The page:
1. Where the insurance company contracted to cover damages caused by the negligence of the insured, can it avoid the obligation simply because the insured paid for the damages (in this case the funeral of the injured person) to comply with a criminal sentence imposed on her for negligently injuring the victim?.

[2.] Did the lower court err in holding that the liability insurer had no duty to repay the insured for the civil damages that she paid as part of a criminal restitution order following a conviction for negligently injuring a person, an occurrence and damages covered under the contract?

Appellant's Brief, at 3. Reduced to their essence, both issues present the same question, namely, whether an insured may seek reimbursement against his insurer for a criminal restitution award resulting from a criminal prosecution. We conclude that Pennsylvania public policy mandates that Brethren, in the context of the instant declaratory judgment action, is not responsible for the court-ordered criminal restitution.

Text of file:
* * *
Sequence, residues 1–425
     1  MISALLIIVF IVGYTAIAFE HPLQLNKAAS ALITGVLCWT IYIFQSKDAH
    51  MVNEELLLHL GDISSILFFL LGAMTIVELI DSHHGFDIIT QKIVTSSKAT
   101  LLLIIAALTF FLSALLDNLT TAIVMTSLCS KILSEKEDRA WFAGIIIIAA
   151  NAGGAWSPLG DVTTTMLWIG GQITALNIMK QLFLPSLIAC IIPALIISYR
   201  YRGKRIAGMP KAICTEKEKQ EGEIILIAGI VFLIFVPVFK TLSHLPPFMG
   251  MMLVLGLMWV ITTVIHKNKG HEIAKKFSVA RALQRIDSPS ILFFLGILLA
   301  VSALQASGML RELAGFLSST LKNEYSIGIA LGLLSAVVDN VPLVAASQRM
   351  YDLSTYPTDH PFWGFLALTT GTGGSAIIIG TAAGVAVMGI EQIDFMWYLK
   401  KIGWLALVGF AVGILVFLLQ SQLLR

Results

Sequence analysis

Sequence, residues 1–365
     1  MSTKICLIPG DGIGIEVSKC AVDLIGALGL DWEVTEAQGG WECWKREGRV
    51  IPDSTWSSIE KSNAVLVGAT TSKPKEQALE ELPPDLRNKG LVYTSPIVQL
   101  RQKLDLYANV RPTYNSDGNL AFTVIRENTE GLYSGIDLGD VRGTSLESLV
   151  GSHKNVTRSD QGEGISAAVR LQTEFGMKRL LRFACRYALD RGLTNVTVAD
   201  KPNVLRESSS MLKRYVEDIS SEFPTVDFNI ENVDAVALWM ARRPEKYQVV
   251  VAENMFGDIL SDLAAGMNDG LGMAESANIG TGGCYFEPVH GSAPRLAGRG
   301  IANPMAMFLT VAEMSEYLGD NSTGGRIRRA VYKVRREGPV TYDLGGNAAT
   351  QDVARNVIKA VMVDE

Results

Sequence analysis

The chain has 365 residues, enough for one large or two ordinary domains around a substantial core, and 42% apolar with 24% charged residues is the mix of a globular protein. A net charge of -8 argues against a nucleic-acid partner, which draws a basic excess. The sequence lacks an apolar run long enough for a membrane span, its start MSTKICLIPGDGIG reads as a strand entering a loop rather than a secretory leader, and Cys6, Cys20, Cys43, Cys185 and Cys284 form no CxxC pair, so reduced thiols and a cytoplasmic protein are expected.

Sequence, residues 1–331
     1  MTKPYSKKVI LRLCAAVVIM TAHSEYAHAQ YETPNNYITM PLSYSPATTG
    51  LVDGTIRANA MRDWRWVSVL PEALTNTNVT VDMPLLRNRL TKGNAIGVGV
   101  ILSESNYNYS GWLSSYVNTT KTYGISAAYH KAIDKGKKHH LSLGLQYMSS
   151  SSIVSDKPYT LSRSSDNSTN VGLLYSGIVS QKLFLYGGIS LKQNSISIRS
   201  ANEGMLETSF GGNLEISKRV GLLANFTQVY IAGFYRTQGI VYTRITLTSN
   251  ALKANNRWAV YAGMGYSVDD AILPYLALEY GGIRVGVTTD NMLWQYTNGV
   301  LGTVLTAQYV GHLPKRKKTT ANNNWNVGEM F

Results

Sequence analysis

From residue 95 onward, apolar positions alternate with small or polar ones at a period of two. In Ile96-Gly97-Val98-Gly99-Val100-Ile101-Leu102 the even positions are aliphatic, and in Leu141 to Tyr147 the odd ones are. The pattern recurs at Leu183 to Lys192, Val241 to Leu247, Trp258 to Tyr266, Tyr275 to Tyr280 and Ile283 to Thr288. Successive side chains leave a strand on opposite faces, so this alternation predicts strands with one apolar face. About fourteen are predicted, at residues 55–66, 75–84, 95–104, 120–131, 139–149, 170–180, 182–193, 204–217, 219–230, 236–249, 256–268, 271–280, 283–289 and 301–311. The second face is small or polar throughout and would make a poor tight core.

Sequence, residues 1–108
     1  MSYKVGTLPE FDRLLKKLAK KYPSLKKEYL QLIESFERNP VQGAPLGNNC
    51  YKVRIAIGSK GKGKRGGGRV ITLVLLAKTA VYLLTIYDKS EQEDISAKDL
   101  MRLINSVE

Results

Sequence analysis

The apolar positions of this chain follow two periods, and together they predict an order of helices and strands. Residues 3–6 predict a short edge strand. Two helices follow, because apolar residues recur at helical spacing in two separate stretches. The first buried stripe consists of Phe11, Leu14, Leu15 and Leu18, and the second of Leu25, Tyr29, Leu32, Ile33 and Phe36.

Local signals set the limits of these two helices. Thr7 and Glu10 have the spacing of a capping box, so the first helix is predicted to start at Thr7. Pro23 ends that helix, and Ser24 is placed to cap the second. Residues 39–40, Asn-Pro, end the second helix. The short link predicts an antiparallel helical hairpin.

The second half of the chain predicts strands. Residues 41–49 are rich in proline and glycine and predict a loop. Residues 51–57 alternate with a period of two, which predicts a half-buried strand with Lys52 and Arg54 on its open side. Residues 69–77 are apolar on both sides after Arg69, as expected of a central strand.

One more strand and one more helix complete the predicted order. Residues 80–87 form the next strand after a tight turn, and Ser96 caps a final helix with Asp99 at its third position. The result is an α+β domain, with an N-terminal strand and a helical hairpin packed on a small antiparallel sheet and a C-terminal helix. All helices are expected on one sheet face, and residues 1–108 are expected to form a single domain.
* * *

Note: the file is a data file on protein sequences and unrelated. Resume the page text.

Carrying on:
¶ 7 In arriving at this conclusion, we begin by examining the nature of the imposition of an order to pay criminal restitution. A sentencing court is statutorily mandated to order restitution to a victim pursuant to a criminal conviction. See 18 PA. CONS. STAT. ANN. § 1106(a). "[T]he primary purpose of the restitution statute is rehabilitative in nature." Commonwealth v. Runion, 541 Pa. 202, 210, 662 A.2d 617, 621 (1995). As a result, this Court has repeatedly held that an order of restitution is not equivalent to an award of civil damages. See, e.g., In re B.T.C., 868 A.2d 1203, 1205 (Pa. Super. 2005); Commonwealth v. Kerr, 444 A.2d 758, 760 (Pa. Super. 1982); Commonwealth v. Erb, 428 A.2d 574, 580-581 (Pa. Super. 1981). "While the order aids the victim, its true purpose, and the reason for its imposition, is the rehabilitative goal it serves by impressing upon the offender the loss he has caused and his responsibility to repair that loss as far as it is possible to do so." Erb, 428 A.2d at 581, quoting State v. Stalheim, 275 Or. 683, 689, 552 P.2d 829, 832 (1976).